The New Jersey State Board of Education held its monthly public meeting this morning, large stretches of it consumed by DOE staffers reading aloud a slide deck. Yet there were two noteworthy news items:
- First, the Murphy Administration’s Education Department will continue to delay the Board’s access to last spring’s state assessments, even though those tests were administered EIGHT MONTHS AGO.
- Second, Education Commissioner Angelica Allen-McMillan is dead-set on re-defining “equity” as “equal outcomes.” She has embraced what Murphy’s former Commissioner Lamont Repollet called “The 64 Floor,” which holds that we’ll attain educational nirvana when no student ever fails a test.
The first item, disclosure of test scores, came up when Board President Kathy Goldenberg noted that the Board had yet to see data from last spring’s NJ Student Learning Assessment (NJSLA) and asked Allen-McMillan when the Board would have access to the results. That puts NJ in elite company, one of only nine states that haven’t released spring assessment results. (Full transcript of discussion at bottom of page.)
What was Allen-McMillan’s answer?
Wait a little longer, although the Board’s Assessment Committee will will see data (with the exception of September’s Start Strong tests) later this month. Then, who knows? Maybe in December, NINE MONTHS after the assessments were given, we’ll have a discussion. But no worries: the DOE, says the Commissioner, is “committed and engaged throughout this process.”
So, of these two newsworthy items, one hides student assessment data from the public and the other prioritizes a meaningless definition of equity to soothe culture warriors, effectively effacing differences.
Regarding the second item, Board Vice President Andrew Mulvihill took the lead, explaining his objections to an assortment of regulations about teacher licensure and professional development known as Chapter 9. Why? Because (more here) sprinkled throughout the Chapter is the phrase “equitable and excellent outcomes for all students.” Mulvihill explained his discomfort with the use of the word “equity,” which the DOE appears to define as “all groups of students master the goals of the curriculum to approximately the same degree.” He’s “not comfortable” with this definition; “equity” means we strive to meet the needs of students who have a wide degree of circumstances and may require more resources and opportunities. That’s about input, Mulvihilll argues, not output. Equity is generously supporting a wide range of student needs, not replicating the amount of material each student masters.
I object to the notion that students should be put into groups which need to have the same outcomes. I believe we should look at students individually, not in groups. If we persist in doing so, it could lead to a dumbing down of standards and goals with such programs as Asbury Park’s 64 Floor, where children graduated from high school without basic skills.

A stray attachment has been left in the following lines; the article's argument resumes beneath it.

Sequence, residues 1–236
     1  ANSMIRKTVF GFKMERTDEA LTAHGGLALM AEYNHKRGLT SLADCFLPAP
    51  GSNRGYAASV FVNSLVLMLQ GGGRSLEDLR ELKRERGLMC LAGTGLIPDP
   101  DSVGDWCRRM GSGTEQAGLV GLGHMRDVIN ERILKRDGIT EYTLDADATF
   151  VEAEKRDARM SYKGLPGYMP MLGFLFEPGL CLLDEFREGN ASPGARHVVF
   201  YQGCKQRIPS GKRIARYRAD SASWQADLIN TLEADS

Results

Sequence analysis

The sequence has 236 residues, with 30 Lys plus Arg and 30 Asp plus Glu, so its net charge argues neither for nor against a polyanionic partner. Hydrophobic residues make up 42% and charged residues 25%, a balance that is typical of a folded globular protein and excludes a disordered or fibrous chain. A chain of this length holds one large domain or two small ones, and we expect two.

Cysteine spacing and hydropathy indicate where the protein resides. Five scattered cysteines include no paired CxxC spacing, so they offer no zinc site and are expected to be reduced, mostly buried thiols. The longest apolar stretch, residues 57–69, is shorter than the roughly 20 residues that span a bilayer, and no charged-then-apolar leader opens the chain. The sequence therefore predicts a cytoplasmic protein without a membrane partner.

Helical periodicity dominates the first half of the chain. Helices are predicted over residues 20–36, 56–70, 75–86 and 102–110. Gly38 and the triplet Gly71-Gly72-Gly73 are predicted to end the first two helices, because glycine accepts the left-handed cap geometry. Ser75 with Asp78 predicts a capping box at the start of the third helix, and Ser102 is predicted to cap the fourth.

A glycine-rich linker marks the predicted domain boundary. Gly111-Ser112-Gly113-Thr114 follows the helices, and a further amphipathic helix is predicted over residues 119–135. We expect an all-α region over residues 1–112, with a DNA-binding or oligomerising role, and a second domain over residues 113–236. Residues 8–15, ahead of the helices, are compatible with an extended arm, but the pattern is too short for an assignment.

Turns out Mulvihill wasn’t the only one with concerns about a statewide 64 Floor. Member Mary Beth Berry said, “the use of this terminology is definitely of concern to some members of the Board. I have grave concerns about it and I will not support it.” Mary Elizabeth Gazi: “I agree with Mary Beth and Andy. We proposed alternatives but the language was changed in a way I can’t accept.” Jack Fornaro voted against it too. The final vote was 5-4 in favor of effacing student differences.
As Allen-McMillan said at last month’s meeting,
Everything must be seen through an equity lens. Individuals may have biases. At the DOE we value the lens of equity, we value the processes that would be equitable.
Put that in your pipe and smoke it.
Here is the discussion about test scores between the Commissioner and Board President Goldenberg.
Goldenberg: I know school districts have already received their NJSLA [NJ Student Learning Assessments) results but the Board hasn’t seen the results and we haven’t gotten explanations from you on how to interpret them. When can we look forward to hearing the results of these tests….You’ve always brought up the DOE’s emphasis on ‘data, data, data’ but we haven’t heard the plans or what it means to the department, what you plan to do. We’ve heard about a million dollars for high-dose tutoring. That’s all wonderful stuff but when will we get the data?
Allen McMillan: We are synchronized with the Board on having a post-Covid discussion. We’ve always provided individual student reports and data to local districts. Right now we are in process. School districts have received the data and are familiar with NJSLA. The problem [with reporting to the Board] is with the NJGPA [new graduation test that was changed this past year from signifying college/career-readiness to “high school graduation-readiness]. We’ve shared with districts the results for 12th grade students. We’ve very pleased that data was shared. We will share the data we have with the [Board’s] Assessment Committee in November. We don’t have the Start Strong data [tests given in September] but we do have NJGPA, NJSLA, and NAEP. And we will share thoughts and engage with the public. We are thoughtful and look forward to it.
Goldenberg: I have been reading results from other states. This data is usually brought to us in October and I’m really looking forward to it. Will you use the data as a baseline for measuring the impact of high-dosage tutoring? Is it the intent of the department to have some guidance?
Allen-McMillan: We look forward to answering these questions. The department has been proactive. We’ve indicated how districts can spend their [federal emergency aid] money. We’ve had specific set-asides for learning-acceleration and we’ve added in accelerated learning coaches. We’re in the process of these expenditures. We’ve sent out a survey for promising practices and will share it on our website. We’ve been committed and engaged throughout this process.